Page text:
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GiveLife.ca

    

PRINT EDITION
CIB's Fukakusa outlines plan for recruiting board members
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By JACQUELINE NELSON
  
  

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Wednesday, November 8, 2017 – Page B1

The Canada Infrastructure Bank's inaugural chair said the organization's structure is taking shape and stressed that it will seek out deals with the private sector that might not otherwise get done.

In one of her first public remarks since taking on the role, Janice Fukakusa spoke about the goal to keep the new $35-billion institution, known as the CIB, transparent and accountable as it advises the government and generates infrastructure deals with institutional investors.

The bank will launch by the end of the year.

"We aim to attract private investment and expertise to priority, revenue-generating projects that might not otherwise be commercially viable," said Ms. Fukakusa, in a speech at the annual Canadian Council for Public-Private Partnerships conference in Toronto. "It's also important to note that we will not compete for private-sector investment where it already exists."

In early July, the federal Liberals appointed Ms. Fukakusa, former chief financial officer of Royal Bank of Canada. A chief executive officer and between 8 and 11 other board members are expected to be in place soon. Ms. Fukakusa said in her remarks that the board members will have backgrounds in areas such as infrastructure, portfolio management, finance and corporate governance from across the country and around the world.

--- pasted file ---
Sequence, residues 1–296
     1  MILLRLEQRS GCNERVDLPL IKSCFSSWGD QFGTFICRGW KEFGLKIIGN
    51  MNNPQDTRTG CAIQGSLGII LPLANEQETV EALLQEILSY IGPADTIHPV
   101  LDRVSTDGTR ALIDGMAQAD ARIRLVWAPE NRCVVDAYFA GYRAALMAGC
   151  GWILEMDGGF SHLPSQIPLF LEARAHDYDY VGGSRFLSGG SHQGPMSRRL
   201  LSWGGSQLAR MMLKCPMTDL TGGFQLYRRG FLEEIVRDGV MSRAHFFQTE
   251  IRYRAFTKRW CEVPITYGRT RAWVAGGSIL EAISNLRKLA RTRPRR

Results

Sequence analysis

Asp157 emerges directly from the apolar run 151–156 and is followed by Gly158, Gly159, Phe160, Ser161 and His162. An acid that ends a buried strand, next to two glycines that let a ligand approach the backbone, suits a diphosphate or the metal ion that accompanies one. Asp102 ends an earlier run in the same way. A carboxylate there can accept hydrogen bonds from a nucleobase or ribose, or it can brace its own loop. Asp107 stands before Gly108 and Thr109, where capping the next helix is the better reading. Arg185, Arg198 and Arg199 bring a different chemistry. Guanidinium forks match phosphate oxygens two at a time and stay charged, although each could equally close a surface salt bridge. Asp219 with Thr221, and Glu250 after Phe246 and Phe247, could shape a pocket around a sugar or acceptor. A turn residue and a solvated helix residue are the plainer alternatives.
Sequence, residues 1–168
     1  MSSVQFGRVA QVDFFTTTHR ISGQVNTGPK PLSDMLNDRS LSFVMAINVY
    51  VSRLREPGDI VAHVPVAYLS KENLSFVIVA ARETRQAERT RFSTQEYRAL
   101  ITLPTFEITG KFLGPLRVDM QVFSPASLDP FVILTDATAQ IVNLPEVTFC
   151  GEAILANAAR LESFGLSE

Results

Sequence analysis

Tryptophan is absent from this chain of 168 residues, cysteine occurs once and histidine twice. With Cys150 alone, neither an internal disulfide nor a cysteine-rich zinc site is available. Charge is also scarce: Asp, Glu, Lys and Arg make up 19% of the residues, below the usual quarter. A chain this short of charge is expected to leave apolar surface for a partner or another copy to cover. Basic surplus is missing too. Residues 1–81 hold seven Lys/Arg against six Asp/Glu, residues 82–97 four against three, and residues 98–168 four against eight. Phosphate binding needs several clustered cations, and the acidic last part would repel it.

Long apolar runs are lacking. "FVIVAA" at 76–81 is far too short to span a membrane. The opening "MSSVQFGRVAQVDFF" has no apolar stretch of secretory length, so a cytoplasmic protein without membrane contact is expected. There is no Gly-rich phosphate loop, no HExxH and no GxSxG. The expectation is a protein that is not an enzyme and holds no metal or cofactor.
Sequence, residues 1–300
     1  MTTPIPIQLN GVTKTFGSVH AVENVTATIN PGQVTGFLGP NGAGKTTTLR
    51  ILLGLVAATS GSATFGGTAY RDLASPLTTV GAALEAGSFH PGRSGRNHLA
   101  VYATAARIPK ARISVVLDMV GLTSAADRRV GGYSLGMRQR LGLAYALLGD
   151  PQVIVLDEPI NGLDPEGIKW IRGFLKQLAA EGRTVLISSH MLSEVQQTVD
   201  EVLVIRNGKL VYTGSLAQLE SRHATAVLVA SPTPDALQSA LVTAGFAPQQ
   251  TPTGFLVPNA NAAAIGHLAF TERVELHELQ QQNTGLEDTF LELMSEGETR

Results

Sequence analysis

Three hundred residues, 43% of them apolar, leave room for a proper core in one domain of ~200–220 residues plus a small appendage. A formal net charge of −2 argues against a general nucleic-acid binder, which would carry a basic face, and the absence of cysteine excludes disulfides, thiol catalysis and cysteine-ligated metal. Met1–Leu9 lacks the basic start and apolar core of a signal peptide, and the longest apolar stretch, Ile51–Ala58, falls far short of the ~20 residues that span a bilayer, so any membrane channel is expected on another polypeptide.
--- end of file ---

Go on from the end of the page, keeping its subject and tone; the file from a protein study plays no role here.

These comments are the latest in a slow stream of details about how the bank plans to attract major private investors, such as pension funds, to back billions of dollars' worth of new building. The bank will be run as an arm's-length Crown corporation, but will focus on areas of government priority such as public transit, green energy and transportation.

Ms. Fukakusa outlined the CIB's three key mandates in her remarks.

The first is to make and manage investments in revenue-generating infrastructure in the public interest.

Revenue could come in a variety of forms such as fees, tolls, fares and tariffs and appreciating land values.

"These investors will take on additional risk related to demand or revenue. This will provide extra incentive for private sector partners to ensure a project is well managed," she said.

The second role is to develop expertise to help various levels of government plan their projects. And the third is to collect and share data, in part to ensure building decisions are being based on sound reasoning.

The bank is one part of a multiyear spending strategy to fix and build new Canadian infrastructure that Ottawa is calling "the $186-billion long-term infrastructure plan." Some other major projects, such as the Champlain Bridge in Quebec, will be built, financed and operated through provincially-led government contracts with companies, called publicprivate partnerships.

Some new details were revealed in a corporate plan and budget document recently tabled in Parliament.

That plan set out expectations for costs and staffing requirements for the bank's first fiscal year, which runs from July 1 to March 31, 2018.

The CIB will have as many as 25 employees when it launches, with plans to double its staff to 50 people by the start of its second year.

Estimated operating expenses of $13.9-million, and capital spending of $2.3-million, have been forecast, with an extra contingency budget in place.


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